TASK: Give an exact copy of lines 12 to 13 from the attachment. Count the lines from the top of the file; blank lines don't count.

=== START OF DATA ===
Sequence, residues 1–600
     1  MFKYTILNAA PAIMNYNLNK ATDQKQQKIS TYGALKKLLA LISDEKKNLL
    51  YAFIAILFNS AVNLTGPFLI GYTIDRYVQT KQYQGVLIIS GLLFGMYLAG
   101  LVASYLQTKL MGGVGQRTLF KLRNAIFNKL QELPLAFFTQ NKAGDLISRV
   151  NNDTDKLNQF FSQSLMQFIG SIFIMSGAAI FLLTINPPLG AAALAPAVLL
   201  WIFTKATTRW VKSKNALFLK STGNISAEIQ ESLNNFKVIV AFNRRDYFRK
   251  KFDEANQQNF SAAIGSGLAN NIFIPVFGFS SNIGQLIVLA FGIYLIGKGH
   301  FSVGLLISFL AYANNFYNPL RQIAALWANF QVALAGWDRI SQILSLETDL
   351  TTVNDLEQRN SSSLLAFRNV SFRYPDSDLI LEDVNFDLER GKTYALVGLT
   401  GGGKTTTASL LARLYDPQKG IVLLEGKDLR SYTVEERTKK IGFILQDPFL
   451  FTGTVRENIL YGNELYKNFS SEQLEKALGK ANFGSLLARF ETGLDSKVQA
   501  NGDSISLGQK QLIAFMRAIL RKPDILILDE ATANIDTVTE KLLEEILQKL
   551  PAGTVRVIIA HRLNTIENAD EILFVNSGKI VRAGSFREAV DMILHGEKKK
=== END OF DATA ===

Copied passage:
   501  NGDSISLGQK QLIAFMRAIL RKPDILILDE ATANIDTVTE KLLEEILQKL
   551  PAGTVRVIIA HRLNTIENAD EILFVNSGKI VRAGSFREAV DMILHGEKKK